Talk about cervical health: National Cervical Cancer Awareness Week
According to the Australian Cervical Cancer Foundation, forty-three per cent of women are not having a Pap test regularly enough. This week, to mark National Cervical Cancer Awareness Week, GPs are encouraged to talk to their patients about keeping up to date with their cervical screening and Gardasil vaccinations.
Highlighting the importance of regular screening is the fact that eighty per cent of all women that are diagnosed with new cancers of the cervix in Australia have either never been screened or are lapsed screeners. GPs play a vital role in informing their patients of the importance of regular screening and reassuring them about the process.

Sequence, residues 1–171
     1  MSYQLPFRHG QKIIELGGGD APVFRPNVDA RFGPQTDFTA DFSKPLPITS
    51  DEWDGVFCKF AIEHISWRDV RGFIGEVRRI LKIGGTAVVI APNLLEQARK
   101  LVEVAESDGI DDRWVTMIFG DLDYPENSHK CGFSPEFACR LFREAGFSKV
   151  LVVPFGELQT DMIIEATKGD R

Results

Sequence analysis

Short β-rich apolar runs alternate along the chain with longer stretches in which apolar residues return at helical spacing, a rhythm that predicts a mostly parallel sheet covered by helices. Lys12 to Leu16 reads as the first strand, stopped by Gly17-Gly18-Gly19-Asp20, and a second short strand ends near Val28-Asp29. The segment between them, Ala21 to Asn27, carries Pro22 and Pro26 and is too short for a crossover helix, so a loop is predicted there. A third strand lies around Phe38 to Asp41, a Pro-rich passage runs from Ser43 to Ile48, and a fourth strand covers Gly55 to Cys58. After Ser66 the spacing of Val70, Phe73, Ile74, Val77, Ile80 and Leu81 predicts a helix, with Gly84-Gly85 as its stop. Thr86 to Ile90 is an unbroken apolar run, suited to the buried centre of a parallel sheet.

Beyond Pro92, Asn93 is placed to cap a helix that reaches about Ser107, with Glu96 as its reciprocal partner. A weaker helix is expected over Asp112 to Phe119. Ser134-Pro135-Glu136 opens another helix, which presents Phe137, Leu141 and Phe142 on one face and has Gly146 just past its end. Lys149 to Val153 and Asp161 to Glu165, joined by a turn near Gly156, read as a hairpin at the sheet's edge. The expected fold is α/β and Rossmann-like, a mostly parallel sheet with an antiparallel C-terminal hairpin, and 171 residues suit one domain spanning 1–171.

From May next year, under an updated National Cervical Screening Program (NCSP,) the Pap test will be replaced with a cervical screening test for the Human Papilloma Virus (HPV) for women aged between 25 and 74 years of age, with routine screening to occur every five years instead of every two years.
The new program will adopt a risk-based approach to cervical screening, with women to receive a result based on their risk of developing significant cervical abnormalities in the following five years. As part of the changes a new National Cancer Screening Register will be introduced to send women invitations and reminders about the program.
To coincide with National Cervical Cancer Awareness Week, the Australian Cervical Cancer Foundation has developed and launched a Cervical Health App and a Comfort Checklist to promote awareness about the disease
For more information about the NCSP, or the changes to the program, please visit the Department of Health’s website.